Date September 15, 2021
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Database led by Brown economist reveals school-level look at COVID-19’s impact on K-12 education

The COVID-19 School Data Hub, the brainchild of Brown Professor of Economics Emily Oster, could help families, researchers and policymakers better understand the pandemic’s impact on learning.

PROVIDENCE, R.I. [Brown University] — A new digital platform founded by a Brown University economist is providing educators, policymakers and researchers with the most comprehensive data available to date on the ways in which the COVID-19 pandemic has affected K-12 public schools across the United States.

The COVID-19 School Data Hub, launched on Wednesday, Sept. 15 by Brown professor Emily Oster and a team of research colleagues, provides a detailed, school-by-school look at which schools and districts operated in person, virtually or in hybrid mode throughout the 2020-21 school year; how COVID-19 case rates rose and fell during that time; and, in some cases, how the pandemic affected enrollment and standardized test scores.

Emily OsterIn addition to providing families and community leaders with clear information on how the pandemic continues to impact K-12 education, it is designed to help researchers answer crucial questions for the months and years ahead — including how in-person, remote and hybrid learning environments have affected students’ mental and physical health, parents’ work and personal lives, and more.

Oster said she was motivated to create a data hub after it became clear that neither federal nor state governments were providing what she viewed as critical information on which schools were reopening or not, whether and when they experienced rises in COVID-19 cases, and how enrollment changed over the course of the pandemic.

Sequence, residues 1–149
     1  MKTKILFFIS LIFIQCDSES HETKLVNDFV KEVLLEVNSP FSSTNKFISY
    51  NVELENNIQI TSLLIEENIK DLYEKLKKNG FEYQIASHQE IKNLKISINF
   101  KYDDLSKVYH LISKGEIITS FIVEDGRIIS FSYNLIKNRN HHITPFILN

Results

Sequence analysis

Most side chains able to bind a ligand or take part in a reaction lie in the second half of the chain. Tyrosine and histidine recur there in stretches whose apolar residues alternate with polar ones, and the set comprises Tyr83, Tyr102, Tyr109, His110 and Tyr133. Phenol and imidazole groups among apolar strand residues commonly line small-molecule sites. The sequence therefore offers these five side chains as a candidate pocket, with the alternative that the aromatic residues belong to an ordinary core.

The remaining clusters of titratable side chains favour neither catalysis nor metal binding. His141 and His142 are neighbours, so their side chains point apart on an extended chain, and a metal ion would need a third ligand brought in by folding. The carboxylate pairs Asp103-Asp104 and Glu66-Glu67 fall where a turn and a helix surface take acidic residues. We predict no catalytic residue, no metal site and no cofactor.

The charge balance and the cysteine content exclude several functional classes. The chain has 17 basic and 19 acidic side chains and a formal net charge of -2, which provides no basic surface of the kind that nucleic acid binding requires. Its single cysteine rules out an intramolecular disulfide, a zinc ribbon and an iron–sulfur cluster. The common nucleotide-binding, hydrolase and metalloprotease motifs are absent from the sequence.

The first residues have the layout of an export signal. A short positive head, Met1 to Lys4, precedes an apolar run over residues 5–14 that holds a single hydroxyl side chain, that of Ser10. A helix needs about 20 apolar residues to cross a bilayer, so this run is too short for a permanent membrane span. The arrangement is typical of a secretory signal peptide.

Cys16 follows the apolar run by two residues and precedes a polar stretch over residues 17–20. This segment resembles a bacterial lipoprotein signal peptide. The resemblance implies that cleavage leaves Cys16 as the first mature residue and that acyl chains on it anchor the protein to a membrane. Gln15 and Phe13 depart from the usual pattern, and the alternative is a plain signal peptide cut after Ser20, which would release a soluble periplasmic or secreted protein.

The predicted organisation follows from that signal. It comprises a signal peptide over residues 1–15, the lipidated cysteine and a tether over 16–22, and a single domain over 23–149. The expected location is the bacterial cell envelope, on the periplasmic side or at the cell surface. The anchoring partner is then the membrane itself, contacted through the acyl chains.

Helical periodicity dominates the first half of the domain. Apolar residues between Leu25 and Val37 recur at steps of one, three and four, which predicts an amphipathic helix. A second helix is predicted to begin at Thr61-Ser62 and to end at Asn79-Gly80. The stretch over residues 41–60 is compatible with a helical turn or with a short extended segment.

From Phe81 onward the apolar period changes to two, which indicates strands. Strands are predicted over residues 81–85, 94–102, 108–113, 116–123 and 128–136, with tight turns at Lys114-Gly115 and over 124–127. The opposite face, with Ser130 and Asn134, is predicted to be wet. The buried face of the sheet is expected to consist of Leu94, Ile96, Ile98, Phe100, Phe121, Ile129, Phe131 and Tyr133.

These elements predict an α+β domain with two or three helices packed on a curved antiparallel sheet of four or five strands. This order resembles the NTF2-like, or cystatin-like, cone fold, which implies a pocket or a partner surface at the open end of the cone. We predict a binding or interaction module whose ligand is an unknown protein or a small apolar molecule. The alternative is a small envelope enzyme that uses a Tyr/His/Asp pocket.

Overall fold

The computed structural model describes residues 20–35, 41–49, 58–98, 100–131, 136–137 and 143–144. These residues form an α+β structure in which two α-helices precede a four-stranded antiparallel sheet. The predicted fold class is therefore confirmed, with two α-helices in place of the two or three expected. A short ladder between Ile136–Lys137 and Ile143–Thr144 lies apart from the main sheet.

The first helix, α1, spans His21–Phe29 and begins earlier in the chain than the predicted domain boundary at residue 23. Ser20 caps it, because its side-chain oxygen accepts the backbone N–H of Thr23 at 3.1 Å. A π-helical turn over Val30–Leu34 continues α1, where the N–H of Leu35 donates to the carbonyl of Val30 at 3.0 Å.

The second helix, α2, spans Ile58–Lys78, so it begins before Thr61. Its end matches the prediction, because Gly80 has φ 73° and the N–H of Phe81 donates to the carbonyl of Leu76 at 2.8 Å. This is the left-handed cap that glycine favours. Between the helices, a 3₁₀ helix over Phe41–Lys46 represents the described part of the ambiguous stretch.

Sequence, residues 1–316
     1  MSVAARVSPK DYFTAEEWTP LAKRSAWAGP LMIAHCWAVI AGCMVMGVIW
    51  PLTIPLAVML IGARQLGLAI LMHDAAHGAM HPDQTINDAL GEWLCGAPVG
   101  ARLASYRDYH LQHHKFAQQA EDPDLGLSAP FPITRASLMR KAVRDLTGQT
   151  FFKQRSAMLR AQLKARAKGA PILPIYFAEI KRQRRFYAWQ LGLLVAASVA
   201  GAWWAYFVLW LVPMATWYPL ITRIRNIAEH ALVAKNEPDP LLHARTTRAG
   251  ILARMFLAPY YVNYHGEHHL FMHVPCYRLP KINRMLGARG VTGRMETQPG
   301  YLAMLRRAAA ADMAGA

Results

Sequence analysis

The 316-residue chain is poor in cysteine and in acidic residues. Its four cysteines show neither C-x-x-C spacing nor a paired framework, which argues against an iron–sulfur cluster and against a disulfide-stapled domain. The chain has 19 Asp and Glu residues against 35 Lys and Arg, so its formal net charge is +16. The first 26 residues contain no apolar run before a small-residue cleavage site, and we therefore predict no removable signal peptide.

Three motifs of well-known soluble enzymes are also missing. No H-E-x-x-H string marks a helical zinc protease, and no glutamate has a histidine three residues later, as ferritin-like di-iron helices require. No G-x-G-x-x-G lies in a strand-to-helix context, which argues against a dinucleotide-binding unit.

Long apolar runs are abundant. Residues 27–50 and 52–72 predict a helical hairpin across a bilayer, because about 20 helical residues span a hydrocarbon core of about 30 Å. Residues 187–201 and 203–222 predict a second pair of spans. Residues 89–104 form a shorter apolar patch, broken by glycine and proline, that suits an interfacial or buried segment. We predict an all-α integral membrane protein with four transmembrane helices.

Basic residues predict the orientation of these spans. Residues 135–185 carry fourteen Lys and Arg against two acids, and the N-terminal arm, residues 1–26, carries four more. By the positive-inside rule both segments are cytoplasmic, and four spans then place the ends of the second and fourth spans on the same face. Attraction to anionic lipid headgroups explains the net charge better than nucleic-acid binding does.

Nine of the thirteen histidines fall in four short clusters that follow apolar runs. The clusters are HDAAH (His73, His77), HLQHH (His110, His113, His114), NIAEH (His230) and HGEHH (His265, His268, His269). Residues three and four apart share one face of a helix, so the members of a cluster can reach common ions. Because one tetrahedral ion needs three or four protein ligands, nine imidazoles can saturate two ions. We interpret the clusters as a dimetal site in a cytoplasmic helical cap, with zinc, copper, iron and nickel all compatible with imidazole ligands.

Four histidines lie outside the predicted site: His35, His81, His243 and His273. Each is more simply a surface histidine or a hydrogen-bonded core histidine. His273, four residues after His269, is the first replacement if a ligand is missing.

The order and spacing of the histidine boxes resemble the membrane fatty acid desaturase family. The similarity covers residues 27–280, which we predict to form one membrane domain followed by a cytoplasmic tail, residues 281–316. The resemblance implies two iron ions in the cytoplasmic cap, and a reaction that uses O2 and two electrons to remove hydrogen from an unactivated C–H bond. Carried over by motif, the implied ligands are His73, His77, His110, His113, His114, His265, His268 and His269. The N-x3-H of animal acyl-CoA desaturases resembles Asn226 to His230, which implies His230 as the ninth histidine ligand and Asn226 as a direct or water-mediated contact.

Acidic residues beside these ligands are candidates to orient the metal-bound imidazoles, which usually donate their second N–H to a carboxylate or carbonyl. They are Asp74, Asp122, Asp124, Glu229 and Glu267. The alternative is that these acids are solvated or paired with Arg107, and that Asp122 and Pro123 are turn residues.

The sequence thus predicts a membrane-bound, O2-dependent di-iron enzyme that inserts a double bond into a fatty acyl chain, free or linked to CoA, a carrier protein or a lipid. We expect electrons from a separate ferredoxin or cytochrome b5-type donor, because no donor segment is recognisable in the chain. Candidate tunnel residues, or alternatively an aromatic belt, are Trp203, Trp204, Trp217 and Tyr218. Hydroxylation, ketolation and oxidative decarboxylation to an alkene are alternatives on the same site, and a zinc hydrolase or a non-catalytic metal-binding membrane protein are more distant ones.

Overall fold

“The pandemic has affected everything from learning loss to students’ mental and physical health to the employment status of parents,” Oster said. “And yet when we try to quantify its impact on these things, we’re driving around with one headlight, or no headlights. Some states have collected this data; some haven’t… We have federal data on school operations for only the largest districts in the country... That’s really crazy. We need good information on this to guide the decisions we’re going to make in the year ahead.”

Oster — whose data-driven website COVID Explained helped guide many families’ pandemic-era decisions over the last year and a half— said she believes the School Data Hub is the most comprehensive and accessible database on the topic created to date. Currently, the hub has information on COVID-19 case rates and transitions from virtual to hybrid to in-person learning for more than 55,000 schools in 30 states and the District of Columbia. Interactive, color-coded maps allow users to trace variations in learning modes across districts, states and the entire nation from August 2020 to May 2021. And downloadable spreadsheets provide granular information on COVID-19 cases, masking protocols and more.

“Our aim is to have a more complete dataset,” Oster said. “We are asking the states that have not contributed data — states including Tennessee, North Carolina, Pennsylvania and Delaware — to do so. That, together with what we already have, will allow us to paint a complete picture, allowing us to move forward in understanding some of the pandemic’s effects on learning for a wide variety of students.”

The available data have already yielded one major insight. Oster and her research team used standardized testing data and information about school learning modes in Virginia to demonstrate that schools that operated mostly virtually during the 2020-21 school year saw larger drops in student reading and math proficiency than schools that predominantly operated in person. They published their results in a white paper on the School Data Hub website.

Oster said she hopes that as researchers and policymakers begin to make use of the data, new insights on the pandemic’s effect on schools and society come to light.

“As we face down another wave of possible school closures due to the spreading Delta variant, it’s become even more crucial to understand what has happened in our schools over the last 18 months,” Oster said. “Our data are ready for analysis.”

Available at, the COVID-19 School Data Hub’s work is supported by grants from Emergent Ventures at the Mercatus Center, the Chan Zuckerberg Initiative and Arnold Ventures.